Tips on how to spot a puppy scam this Scam Awareness Week

Estimated reading time: 6 minutes

The growing popularity of buying pets on the internet has led to an increase in people falling online pet fraud, making it more important than ever to know how to spot a puppy scam.

As we head into Scam Awareness Week 2023, we explore all there is to know about online pet scams.

Keep reading to learn what to do if you fall victim to a pet scam website, as well as practical advice for safe online pet adoption.

The rise of online pet scams is sadly an ever-growing concern in today’s digital world.

The pandemic led to a significant increase in pet ownership, with many looking for a companion during the lockdowns.

And the lockdowns meant more people than ever were searching online for their new pet.

But with that increase also came a rise in those wanting to take advantage with online pet scams.

From heartwarming ads featuring adorable puppies to seemingly trustworthy websites offering rare breeds.

These are the tactics online pet scammers use to exploit the emotions of unsuspecting animal lovers.

The impact of these scams goes beyond financial loss, it can affect trust and the joy of pet ownership.

Golden Retriever puppy for pet scams online this Scam Awareness Week

The key to avoiding pet scams is to recognise the warning signs.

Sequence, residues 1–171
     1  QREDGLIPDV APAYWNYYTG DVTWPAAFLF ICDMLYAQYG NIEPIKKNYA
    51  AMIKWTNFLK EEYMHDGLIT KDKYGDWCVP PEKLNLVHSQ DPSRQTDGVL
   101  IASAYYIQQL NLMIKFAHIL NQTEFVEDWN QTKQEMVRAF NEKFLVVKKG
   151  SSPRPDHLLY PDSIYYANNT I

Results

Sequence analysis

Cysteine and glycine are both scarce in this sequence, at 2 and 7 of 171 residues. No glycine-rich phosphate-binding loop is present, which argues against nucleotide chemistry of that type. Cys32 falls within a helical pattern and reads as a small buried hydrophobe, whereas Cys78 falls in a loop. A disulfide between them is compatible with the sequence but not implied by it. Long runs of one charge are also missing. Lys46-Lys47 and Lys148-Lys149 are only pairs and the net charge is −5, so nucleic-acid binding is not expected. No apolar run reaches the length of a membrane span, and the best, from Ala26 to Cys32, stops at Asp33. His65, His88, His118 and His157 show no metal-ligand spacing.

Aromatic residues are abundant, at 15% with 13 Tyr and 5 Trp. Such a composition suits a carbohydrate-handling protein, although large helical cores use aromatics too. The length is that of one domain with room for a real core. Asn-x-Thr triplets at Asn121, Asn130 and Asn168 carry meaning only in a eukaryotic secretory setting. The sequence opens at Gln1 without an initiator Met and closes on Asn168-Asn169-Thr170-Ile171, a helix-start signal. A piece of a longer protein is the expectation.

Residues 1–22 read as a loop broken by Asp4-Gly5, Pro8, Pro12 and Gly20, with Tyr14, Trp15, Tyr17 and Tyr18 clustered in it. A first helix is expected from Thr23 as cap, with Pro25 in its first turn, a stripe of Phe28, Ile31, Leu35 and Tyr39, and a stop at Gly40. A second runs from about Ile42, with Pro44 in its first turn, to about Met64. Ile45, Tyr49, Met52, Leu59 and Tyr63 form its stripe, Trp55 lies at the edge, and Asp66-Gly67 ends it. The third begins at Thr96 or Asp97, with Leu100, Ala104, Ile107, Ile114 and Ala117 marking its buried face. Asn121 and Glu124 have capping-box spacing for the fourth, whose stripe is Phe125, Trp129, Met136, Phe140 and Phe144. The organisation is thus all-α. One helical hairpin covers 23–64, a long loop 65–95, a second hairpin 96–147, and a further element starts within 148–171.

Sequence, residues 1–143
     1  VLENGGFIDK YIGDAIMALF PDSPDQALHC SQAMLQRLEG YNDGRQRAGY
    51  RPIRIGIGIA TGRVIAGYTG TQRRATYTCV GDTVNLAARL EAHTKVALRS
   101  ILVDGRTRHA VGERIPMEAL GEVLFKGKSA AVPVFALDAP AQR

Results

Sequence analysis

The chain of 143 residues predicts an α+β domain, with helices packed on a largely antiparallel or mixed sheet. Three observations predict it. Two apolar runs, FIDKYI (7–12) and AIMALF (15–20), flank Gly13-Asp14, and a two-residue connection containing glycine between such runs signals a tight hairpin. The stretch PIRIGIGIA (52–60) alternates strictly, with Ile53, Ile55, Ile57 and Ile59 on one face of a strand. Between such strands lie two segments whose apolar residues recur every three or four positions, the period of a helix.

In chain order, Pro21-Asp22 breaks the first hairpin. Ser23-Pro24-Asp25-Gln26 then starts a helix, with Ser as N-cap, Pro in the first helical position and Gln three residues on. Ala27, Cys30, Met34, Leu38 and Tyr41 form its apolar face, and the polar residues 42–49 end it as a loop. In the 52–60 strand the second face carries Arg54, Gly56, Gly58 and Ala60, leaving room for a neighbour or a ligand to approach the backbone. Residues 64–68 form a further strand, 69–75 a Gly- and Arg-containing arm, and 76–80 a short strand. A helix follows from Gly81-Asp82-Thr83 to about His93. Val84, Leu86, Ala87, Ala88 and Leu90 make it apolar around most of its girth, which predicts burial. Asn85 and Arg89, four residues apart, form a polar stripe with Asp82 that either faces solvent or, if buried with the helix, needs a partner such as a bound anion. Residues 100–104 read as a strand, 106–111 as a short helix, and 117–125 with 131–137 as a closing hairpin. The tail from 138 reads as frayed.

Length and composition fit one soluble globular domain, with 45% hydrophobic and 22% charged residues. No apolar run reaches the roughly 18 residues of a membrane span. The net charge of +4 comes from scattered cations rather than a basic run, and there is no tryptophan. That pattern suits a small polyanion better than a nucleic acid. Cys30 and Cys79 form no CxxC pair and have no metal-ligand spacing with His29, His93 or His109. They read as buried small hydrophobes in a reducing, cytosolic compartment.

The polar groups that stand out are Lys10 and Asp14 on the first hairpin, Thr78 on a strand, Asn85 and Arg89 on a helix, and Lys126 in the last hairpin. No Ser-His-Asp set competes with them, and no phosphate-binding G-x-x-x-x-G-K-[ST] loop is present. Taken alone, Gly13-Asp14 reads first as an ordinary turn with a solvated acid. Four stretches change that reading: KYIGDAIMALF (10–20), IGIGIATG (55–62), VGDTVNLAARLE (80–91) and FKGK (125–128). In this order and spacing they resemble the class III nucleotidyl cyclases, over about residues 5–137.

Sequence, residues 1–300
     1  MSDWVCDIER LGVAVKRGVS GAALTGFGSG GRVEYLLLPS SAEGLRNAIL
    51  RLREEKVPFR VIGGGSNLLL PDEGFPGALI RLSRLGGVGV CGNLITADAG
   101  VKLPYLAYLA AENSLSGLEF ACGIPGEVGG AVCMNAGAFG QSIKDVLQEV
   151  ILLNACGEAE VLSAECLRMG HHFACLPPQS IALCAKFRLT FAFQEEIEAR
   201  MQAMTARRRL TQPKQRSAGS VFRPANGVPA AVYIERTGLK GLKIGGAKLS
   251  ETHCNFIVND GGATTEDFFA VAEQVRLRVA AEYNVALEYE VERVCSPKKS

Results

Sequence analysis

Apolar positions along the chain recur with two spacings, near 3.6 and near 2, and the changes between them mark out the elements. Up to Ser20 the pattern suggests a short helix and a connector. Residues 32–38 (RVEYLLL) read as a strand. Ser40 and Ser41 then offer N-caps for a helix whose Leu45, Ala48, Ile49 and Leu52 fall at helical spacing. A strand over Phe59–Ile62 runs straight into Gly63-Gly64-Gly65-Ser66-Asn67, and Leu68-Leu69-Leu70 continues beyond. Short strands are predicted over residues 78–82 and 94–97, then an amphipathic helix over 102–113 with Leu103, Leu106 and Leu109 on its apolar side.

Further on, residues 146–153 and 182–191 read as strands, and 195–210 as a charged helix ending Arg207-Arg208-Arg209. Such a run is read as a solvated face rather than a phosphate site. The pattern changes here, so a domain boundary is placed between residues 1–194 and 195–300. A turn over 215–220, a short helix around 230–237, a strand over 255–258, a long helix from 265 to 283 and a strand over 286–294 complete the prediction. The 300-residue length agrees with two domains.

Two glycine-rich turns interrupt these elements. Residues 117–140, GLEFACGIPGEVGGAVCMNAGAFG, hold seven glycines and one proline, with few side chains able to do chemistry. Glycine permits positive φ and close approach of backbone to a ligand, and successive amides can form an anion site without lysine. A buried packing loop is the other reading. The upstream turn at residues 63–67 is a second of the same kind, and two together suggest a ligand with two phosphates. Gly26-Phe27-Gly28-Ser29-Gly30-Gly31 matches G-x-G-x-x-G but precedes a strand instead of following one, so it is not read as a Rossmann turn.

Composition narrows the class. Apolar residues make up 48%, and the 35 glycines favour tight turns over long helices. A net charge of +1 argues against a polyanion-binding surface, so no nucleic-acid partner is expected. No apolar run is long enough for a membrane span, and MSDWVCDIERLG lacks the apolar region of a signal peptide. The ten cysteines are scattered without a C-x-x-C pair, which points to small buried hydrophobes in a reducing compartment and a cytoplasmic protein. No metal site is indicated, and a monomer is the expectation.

Red flags include prices that seem too good to be true, sellers who refuse to meet in person or show the pet via a live video call.

Another warning sign is requests for payment through untraceable methods like wire transfers or gift cards.

To ensure a safe pet purchase, it’s crucial to conduct thorough research on the breeder or seller.

Insisting on video calls to see the pet in real-time, using secure, traceable payment methods, is also important.

Additionally, potential pet owners should consult reputable websites and organisations for reliable information and support.

And staying updated on the latest scam tactics is crucial as scammers continually evolve their methods.

PETspot founders Nick and Joe with dog for online pet scams and warning signs of a puppy scam
PETspot founders Nick and Joe say it’s important people know the signs of a pet scam

Australian company PETspot is fighting the increase in puppy scams by allowing safe pet purchases to take place through its online platform.

The online platform allows those searching for a pet to verify breeders and guarantees the buyers’ money once payment is made.

Nick Figliano, the 23-year-old co-founder of PETspot said he created the company after he was nearly scammed out of thousands of dollars.

“I knew I was dealing with a scammer before I gave any money, but many others aren’t so lucky.

“The industry is purely cash, and there was no payment system that covers you for pet scams — until now.

Screenshot of PETspot website for safe puppy purchase for online pet scams this Scam Awareness Week.
PETspot offers a safe and easy way for prospective owners to purchase a pet

“We provide a secure way to pay for a dog or puppy and linking buyers directly with responsible sources.

“We have rigorous checks and balances in place before a breeder can list themselves on our website.”

PETspot has created a strenuous code of ethics to fact-check dog breeders.

This includes the need for breeders to provide proof of registration with regulatory bodies, health tests of the litter, and an identity check.

As of September 30 2021, there was 2,544 reports of pet scams with losses totalling more than three million dollars, compared with just 498 complaints in 2019.